• Front Entrance: there should be railings on both sides; proper lighting; no cracks or broken and uneven steps

• Front Hall: is there somewhere to sit down to put on shoes, if not a long-handled shoe horn can be helpful; good lighting

• Stairs: railings on both sides if necessary; remove or secure carpets or runners that are easy to trip on or which might slip; adequate lighting

• Living/Family Room: if your couch is low and difficult to push up from, raise it with couch blocks or make sure there is a firm chair with arm rests; scatter rugs should be firmly fixed in place or removed; proper lighting for tasks; avoid glare through windows if the person has cataracts;

• Kitchen: items that are frequently used should be accessible without too much bending, reaching overhead, or twisting; heavy items should be stored as close to waist level as possible

• Bathroom: if the person needs help getting in and out of the shower or bathtub, there are many railing options, temporary or permanent (permanent ones should be placed with the help of an occupational therapist); a raised toilet seat or bars next to the toilet, especially if it’s low; non-slip mat in the shower or bathtub; secure any scatter rugs or mats; make sure your hot water isn’t too hot, older people often burn more easily; if the person is likely to put their weight on a towel rack for help getting in and out of the tub, make sure it’s secure

• Bedroom: raise the bed if necessary with blocks; secure or remove scatter rugs; adequate lighting; clear path from the light switch to the bed.

Whatever changes you do make with the help of an occupational therapist, it’s important to remember that they will likely need to be reassessed in the future. “Needs change, particuly with people with chornic illness or age-related conditions. Those change over time and their needs change,” explains Dr. Trentham. It’s also important to make sure everybody who will be using the devices or adaptations – the senior, their spouse, family members, personal support worker – all know how to use them properly and safely.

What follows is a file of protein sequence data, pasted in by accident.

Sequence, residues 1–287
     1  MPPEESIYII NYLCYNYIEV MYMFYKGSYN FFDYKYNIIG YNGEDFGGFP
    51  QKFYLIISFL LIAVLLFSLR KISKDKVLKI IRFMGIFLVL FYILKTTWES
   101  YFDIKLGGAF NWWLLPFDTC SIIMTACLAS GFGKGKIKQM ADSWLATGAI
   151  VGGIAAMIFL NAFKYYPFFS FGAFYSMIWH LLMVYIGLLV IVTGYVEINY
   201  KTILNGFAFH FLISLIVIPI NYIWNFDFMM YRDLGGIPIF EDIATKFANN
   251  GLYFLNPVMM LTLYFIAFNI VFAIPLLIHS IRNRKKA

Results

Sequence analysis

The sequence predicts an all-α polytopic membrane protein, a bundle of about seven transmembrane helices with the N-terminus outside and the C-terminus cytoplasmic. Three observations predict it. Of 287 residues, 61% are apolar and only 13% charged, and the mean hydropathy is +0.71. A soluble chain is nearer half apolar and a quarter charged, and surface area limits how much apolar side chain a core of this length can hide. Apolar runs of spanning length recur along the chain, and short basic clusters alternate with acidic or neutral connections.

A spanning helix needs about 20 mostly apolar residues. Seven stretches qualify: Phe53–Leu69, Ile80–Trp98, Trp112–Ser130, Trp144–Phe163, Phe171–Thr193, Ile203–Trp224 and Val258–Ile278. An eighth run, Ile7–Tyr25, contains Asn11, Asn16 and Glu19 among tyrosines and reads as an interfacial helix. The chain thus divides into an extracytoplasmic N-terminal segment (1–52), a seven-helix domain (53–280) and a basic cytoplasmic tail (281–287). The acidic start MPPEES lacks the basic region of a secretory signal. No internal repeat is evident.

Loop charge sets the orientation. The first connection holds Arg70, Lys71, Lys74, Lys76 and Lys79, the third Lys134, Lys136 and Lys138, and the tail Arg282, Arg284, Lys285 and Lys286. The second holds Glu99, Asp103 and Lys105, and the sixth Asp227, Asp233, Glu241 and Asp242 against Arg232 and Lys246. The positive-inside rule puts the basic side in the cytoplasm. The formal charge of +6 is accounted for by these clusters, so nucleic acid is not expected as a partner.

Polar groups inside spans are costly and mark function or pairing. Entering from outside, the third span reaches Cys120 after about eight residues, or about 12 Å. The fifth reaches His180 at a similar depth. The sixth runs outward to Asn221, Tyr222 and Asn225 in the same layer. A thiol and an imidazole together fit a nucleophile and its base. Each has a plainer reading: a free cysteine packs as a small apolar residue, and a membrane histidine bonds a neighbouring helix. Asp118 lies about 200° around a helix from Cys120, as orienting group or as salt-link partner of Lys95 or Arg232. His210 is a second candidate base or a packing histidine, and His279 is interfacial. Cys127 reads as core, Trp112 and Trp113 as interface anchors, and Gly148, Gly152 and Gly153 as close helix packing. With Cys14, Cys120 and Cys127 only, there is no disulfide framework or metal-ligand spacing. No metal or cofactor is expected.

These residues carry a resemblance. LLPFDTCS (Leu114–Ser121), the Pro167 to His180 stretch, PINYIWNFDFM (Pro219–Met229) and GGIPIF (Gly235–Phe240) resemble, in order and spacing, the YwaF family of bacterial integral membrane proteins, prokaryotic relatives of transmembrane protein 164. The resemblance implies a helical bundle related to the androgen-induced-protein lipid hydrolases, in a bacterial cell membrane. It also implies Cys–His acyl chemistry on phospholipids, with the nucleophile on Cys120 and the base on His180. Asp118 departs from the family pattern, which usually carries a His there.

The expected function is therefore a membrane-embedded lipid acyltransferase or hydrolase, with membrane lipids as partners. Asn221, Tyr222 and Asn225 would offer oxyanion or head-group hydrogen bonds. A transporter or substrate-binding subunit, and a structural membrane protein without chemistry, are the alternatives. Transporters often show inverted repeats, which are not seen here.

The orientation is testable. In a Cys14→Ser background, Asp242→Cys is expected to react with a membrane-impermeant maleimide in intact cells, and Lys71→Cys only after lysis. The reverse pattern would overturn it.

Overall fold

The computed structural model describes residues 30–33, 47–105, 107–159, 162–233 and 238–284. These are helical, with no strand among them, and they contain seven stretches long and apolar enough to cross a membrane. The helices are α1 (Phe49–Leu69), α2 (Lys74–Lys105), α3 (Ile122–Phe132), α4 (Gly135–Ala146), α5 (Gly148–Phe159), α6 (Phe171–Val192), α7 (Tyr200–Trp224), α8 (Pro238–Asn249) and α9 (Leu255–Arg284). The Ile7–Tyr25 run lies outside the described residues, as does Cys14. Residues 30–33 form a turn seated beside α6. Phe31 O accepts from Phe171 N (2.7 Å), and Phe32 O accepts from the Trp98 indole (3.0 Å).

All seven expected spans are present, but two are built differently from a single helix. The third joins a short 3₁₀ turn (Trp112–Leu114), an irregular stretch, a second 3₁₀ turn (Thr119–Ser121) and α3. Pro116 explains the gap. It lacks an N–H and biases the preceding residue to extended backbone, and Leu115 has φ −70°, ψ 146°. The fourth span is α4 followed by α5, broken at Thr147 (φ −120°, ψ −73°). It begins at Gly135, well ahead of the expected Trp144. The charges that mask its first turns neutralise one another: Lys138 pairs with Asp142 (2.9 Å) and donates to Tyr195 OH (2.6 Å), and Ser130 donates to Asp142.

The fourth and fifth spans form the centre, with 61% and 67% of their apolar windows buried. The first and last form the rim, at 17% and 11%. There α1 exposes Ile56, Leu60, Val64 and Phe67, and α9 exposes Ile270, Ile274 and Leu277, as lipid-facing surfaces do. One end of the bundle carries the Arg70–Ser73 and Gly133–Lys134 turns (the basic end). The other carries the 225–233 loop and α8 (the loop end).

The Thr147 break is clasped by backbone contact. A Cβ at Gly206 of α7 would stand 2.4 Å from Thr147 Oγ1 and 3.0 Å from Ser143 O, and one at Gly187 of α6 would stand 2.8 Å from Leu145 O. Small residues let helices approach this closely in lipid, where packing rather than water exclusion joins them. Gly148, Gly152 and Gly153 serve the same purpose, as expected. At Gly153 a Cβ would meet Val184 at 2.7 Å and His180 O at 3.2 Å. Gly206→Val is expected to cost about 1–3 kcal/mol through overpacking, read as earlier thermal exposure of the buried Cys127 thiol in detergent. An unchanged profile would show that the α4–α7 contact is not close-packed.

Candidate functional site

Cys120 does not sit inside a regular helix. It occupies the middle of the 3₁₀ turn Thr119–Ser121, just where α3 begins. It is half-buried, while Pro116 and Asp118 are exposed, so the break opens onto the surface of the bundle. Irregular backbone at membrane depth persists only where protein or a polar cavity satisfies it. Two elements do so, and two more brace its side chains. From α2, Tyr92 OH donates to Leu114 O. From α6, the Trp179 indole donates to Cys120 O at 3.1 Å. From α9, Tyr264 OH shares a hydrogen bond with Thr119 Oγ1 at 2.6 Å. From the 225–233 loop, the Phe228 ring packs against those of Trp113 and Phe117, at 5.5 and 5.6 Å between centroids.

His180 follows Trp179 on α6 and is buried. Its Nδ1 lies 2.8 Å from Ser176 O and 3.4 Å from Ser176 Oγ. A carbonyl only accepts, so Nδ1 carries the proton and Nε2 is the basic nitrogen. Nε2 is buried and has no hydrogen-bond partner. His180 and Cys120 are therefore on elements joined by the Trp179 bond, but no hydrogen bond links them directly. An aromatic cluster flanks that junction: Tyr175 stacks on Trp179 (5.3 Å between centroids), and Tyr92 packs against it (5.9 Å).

Where to Get Help

There are a number of resources within the community, many of which are covered by OHIP. If the agency you contact, or your family health team, community health centre or other service does not have an occupational therapist on staff, or with whom they regularly work, Dr. Trentham suggests asking why not. “Advocacy is important. If they don’t have these services, which they should have, make a stink about it.”

Community Care Access Centres (CCAC): Can be found across the province and provide a wide range of health-related services, including occupational therapist services. It’s important, notes Dr. Trentham, “to make the case that you are concerned about safety.” Following an initial screening interview, you will be referred to the appropriate services. If, after the initial 2 or 3 visits you feel more help is required, you can “make the case to be seen for longer.”

To find your local CCAC visit http://healthcareathome.ca or call 416-750-1720

Other Agencies: The Red Cross, VHA Home Health Care and other agencies can provide private services, including visits and assessments from occupational therapists. These services are NOT generally covered by OHIP, but may be covered by private insurance.

Red Cross Community Health Services: http://www.redcross.ca/what-we-do/community-health-services-in-canada

VHA Home Health Care: http://www.vha.ca/ or call 1-888-314-4622

Closing the Gap Healthcare Group: http://www.closingthegap.ca/ or call 1-877- 560-0202

Family Health Teams/Family Doctor: According to Dr. Trentham, it’s becoming more common for family health teams to have an occupational therapist as part of the group. If not, your family doctor can make a referral.

Community Health Centres: Some will have occupational therapists on staff. If they don’t, ask why not, urges Dr. Trentham.

Ontario Society of Occupational Therapists: They have a listing of all registered occupational therapists in the province, including those in private practice.

E-mail: osot@osot.on.ca or Call: 1-877-676-6768 Website: http://www.osot.on.ca/eng/otinont/findingAnOT.asp

Other Community Agencies: To address specific issues, such as visual impairment, hearing impairment, etc., contact agencies that specialise in those areas, as they will have staff trained in assessing and recommending adaptations specific to those concerns.